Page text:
Unit testing. We all do it. Some of us even practice TDD (although I wish I had a penny for each time I see a company claiming that they practice TDD when what they actually mean is “We write unit tests.”).
Test Driven Design means that your development is actually driven by your tests. It doesn’t mean that you write unit tests (although that is required), it doesn’t mean that you write your tests first (although that is also required), but it means that the desired behaviour is implemented incrementally, one test at a time. This normally means that, for each cycle of this method, a single test is written and then the simplest possible implementation is written that will make that test pass. After each test is added and passes (along with the rest of the test suite covering that particular piece of functionality) the developer is free to refactor the code–after all, up until this point the code has grown quite organically and is likely of poor quality. This repeated process is often referred to as Red-Green-Refactor: first the test is added and fails (the test is “red”), then the implementation is augmented until the test passes (the test “goes green”) and then the dev can refactor to improve code quality.
There are many, many different aspects to writing tests, each of which has a hand in how readable, maintainable, comprehensive, useful and correct your test suite is. These include (but are far from limited to): black-box / gray-box / white-box philosophy, mocking strategies, outside-in or inside-out…
But one aspect I don’t hear many people talking about (outside of the functional programming community at least) is how you pick your test cases. It might not seem that important–just throw some example data at the test and assert that for each of those inputs the expected output is produced. Simple, right?
A ha, dear reader. Allow me to throw a spanner in the works.
This doesn’t always work (at least, not well). Let’s go for the most basic of examples:
How would you unit test the + operator?
Examples? 1 + 0? 2 + 2? 423798 + 278? Where do you stop? How would a developer, following TDD by the book, incrementally implement that function?
When designing tests it’s often helpful to pretend that the person writing the tests and the person completing the implementation of the function are different people. Let us play the part of the coder who has been tasked with implementing the “add” function as above. The signature of the function is agreed and the tester throws their first test case at us: 0 + 0. So, we dutifully write the most simple case that will solve that:
let add x y = 0
The test passes. Yay! Now, here comes the second test case: 1, 0 which should equal 1. So:
let add x y = if x = 1 then 1 else 0
Okay, that’s fine. It’s early days yet! So. 2, 2 = 4?
let add x y = if x = 1 then 1 elif x = 2 then 4 else 0
Hmmm, it doesn’t look like we’re being driven towards a real implementation here. Maybe let’s try one more test case?
let add x y = if x = 1 then 1 elif x = 2 then 4 elif x = 423798 && y = 278 then 424076 else 0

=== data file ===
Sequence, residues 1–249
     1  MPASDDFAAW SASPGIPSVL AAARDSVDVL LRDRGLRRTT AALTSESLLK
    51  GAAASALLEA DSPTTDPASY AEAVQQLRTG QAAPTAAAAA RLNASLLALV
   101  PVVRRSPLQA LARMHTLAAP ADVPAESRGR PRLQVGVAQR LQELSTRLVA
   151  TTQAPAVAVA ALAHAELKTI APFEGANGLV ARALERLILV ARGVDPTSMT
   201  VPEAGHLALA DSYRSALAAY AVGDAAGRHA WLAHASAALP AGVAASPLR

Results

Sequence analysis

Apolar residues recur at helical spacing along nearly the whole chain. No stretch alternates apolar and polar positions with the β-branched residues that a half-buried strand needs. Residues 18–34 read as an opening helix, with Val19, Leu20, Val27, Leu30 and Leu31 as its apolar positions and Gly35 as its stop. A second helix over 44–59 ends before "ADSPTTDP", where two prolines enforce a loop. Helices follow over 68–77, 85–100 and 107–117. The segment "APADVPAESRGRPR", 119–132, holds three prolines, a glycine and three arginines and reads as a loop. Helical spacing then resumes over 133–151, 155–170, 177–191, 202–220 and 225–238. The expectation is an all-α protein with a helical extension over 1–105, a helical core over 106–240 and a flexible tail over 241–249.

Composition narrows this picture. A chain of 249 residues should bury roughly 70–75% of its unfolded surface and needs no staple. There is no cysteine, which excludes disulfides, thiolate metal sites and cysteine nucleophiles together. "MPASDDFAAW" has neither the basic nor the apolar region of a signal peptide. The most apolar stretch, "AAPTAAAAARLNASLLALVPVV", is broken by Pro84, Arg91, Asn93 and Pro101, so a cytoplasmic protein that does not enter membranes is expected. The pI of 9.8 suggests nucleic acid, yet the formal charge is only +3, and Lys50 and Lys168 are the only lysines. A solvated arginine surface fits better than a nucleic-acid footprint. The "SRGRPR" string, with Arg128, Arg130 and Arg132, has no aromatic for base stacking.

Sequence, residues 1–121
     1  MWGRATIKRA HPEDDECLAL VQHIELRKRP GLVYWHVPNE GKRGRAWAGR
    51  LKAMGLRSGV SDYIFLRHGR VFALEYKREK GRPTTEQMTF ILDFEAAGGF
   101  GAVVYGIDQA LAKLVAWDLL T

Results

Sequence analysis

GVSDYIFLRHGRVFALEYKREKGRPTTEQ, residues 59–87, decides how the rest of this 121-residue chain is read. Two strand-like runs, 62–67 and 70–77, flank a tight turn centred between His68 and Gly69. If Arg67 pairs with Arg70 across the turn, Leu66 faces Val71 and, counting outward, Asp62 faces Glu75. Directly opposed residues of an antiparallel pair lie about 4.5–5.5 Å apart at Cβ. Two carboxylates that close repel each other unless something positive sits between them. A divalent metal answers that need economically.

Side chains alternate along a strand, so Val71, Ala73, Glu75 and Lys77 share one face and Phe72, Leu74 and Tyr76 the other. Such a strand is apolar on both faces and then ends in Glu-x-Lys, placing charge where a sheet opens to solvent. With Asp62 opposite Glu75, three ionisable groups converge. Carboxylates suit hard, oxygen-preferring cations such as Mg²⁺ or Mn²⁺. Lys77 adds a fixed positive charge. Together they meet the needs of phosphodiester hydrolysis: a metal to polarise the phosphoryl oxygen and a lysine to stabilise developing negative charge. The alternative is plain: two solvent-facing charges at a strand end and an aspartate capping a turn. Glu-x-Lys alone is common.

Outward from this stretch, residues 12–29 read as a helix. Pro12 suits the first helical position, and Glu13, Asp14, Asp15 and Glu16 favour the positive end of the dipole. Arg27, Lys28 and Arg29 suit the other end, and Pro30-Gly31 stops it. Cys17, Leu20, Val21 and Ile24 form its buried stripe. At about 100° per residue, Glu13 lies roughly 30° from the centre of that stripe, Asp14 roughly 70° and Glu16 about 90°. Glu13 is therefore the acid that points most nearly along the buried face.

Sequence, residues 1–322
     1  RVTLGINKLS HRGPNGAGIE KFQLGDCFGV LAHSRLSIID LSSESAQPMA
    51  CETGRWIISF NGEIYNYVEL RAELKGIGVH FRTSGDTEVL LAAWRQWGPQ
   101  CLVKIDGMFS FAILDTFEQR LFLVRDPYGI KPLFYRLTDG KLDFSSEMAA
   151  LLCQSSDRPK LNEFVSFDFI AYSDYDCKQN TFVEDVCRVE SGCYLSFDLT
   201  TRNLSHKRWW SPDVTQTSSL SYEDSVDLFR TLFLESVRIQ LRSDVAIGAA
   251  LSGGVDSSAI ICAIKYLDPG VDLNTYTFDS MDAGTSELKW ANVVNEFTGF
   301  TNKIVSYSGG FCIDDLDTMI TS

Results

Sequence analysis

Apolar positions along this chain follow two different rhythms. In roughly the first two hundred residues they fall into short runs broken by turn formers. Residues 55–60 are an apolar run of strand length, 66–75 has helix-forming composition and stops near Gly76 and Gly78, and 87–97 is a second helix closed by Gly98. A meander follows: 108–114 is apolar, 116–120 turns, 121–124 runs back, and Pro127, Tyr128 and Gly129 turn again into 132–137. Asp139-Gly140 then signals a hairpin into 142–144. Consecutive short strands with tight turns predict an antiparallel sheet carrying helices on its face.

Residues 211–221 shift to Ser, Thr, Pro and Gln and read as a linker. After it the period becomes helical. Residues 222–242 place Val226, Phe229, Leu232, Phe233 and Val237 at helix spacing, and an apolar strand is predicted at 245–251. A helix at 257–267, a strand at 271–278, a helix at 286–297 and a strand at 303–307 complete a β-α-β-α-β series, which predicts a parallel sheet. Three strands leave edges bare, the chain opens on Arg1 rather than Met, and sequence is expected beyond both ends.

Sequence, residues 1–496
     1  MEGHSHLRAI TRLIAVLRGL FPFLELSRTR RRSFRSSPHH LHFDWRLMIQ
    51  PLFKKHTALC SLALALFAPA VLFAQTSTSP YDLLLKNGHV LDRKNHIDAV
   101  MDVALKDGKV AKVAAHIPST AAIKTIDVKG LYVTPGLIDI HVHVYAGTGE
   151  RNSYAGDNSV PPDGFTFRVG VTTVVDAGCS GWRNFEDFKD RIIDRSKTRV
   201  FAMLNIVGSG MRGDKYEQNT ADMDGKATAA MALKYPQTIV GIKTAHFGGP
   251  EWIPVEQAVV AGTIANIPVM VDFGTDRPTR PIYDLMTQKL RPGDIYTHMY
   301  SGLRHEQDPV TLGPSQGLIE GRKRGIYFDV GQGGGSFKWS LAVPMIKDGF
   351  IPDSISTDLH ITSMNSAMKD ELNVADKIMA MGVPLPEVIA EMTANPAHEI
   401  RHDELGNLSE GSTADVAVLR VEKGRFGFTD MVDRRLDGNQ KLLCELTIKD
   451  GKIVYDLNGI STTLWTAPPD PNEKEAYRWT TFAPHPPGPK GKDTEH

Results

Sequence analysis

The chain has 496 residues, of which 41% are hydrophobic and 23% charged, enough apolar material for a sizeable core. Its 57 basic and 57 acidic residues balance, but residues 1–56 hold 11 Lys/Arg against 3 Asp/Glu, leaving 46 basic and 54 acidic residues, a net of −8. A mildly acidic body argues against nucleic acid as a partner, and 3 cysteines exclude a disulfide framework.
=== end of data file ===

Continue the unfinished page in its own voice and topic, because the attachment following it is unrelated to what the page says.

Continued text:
No, this isn’t working. We’re solving each case as they come in, but we’re not getting anywhere: the if/else statement is just going to grow and grow and grow. We’re stuck in a loop of: tester adds an example, implementation solves that one particular example.
So, how do you choose your test examples? Wouldn’t it be better if you could randomly generate inputs to your test? It would certainly stop the implementation from devolving into a series of hard-coded values, but then what would you assert? This is something that has fascinated me for a while now.
Allow me to introduce Property-Based Testing.
In this context the word property is used in the mathematical way; a property means some quality, attribute, feature or characteristic that a function, or its input and output, has. In short, property-based testing doesn’t assert what the output is, it instead asserts the the output has some property / characteristic. Sometimes the property you are checking is dependent on the input having some property as well (this may or may not be the same property as you expect to see in the output). An example of this might be:
For any two positive numbers x and y, x + y must be positive
You can see here that we are now able to write an assertion that is true for all inputs to the program. For this particular property–that the output of the function is positive–we have placed a constraint on the input (x and y must be positive). We are now able to automatically generate the input data for our tests because we don’t need to know what the data is in advance.
To see how this might work, let’s write the above property in a more formal language:
For all x, y
where x > 0
and y > 0
it follows that: x + y > 0
It almost looks as if we are now following a Gherkin-style BDD syntax for our tests! Okay, so now we understand what a property is we need to come up with a way of discovering more properties.
Continuing with the mathematical example of addition, your function might have the concept of *identity*. From https://en.wikipedia.org/wiki/Function_(mathematics)#Identity_function, “The unique function over a set X that maps each element to itself is called the identity function for X”, meaning “a function who’s output is always equal to its input”. For addition this is simply “+ 0”, and is a property that we can check.
For all x
it follows that x + 0 = x
There are more mathematical properties that would be useful to check, such as commutativity:
For all x, y:
it follows that x + y = y + x
For all x, y, z
it follows that (x + y) + z = x + (y + z)
Given these properties, it’s now much harder to write an implementation of (+) that is incorrect yet passes all our tests.
This is all very good in theory, but how does this actually work? How do we actually implement this? In part 2 of this series we’ll go through a worked example with something a bit harder than addition: the Diamond Kata.